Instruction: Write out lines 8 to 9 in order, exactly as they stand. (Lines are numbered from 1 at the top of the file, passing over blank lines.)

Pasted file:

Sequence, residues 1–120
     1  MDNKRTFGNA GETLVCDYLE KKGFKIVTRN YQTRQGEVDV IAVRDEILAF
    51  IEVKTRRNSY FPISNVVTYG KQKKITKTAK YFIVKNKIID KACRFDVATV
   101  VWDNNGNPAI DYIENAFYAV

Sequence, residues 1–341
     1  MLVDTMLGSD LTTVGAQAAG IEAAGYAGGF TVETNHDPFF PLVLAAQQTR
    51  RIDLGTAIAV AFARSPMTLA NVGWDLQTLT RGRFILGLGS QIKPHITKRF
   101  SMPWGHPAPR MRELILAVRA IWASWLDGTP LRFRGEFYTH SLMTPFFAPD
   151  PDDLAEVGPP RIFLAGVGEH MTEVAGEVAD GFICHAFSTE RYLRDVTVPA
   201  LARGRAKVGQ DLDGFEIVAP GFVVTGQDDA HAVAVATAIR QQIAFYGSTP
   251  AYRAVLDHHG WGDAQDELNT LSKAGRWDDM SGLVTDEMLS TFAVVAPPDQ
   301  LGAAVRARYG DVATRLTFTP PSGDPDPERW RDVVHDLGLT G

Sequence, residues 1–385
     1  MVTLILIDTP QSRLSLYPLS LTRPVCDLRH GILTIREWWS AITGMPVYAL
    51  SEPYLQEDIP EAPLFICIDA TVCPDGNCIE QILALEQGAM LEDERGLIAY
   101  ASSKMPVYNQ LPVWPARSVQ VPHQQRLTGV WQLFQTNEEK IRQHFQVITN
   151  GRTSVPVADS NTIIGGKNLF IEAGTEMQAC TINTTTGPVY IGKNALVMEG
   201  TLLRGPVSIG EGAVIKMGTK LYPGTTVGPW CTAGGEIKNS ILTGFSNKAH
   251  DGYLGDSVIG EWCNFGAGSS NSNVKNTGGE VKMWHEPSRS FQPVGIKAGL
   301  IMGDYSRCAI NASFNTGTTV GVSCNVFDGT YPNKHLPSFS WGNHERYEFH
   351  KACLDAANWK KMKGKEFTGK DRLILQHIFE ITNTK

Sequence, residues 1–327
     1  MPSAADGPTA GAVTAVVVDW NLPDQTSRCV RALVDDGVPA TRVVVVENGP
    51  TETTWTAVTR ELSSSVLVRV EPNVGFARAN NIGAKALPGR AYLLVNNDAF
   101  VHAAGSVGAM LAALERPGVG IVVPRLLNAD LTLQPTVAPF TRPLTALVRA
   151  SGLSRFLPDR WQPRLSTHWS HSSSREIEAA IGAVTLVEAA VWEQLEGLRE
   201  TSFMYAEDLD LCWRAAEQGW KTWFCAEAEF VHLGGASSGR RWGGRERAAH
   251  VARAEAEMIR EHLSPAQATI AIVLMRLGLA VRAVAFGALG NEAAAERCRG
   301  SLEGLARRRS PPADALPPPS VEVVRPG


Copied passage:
   101  SMPWGHPAPR MRELILAVRA IWASWLDGTP LRFRGEFYTH SLMTPFFAPD
   151  PDDLAEVGPP RIFLAGVGEH MTEVAGEVAD GFICHAFSTE RYLRDVTVPA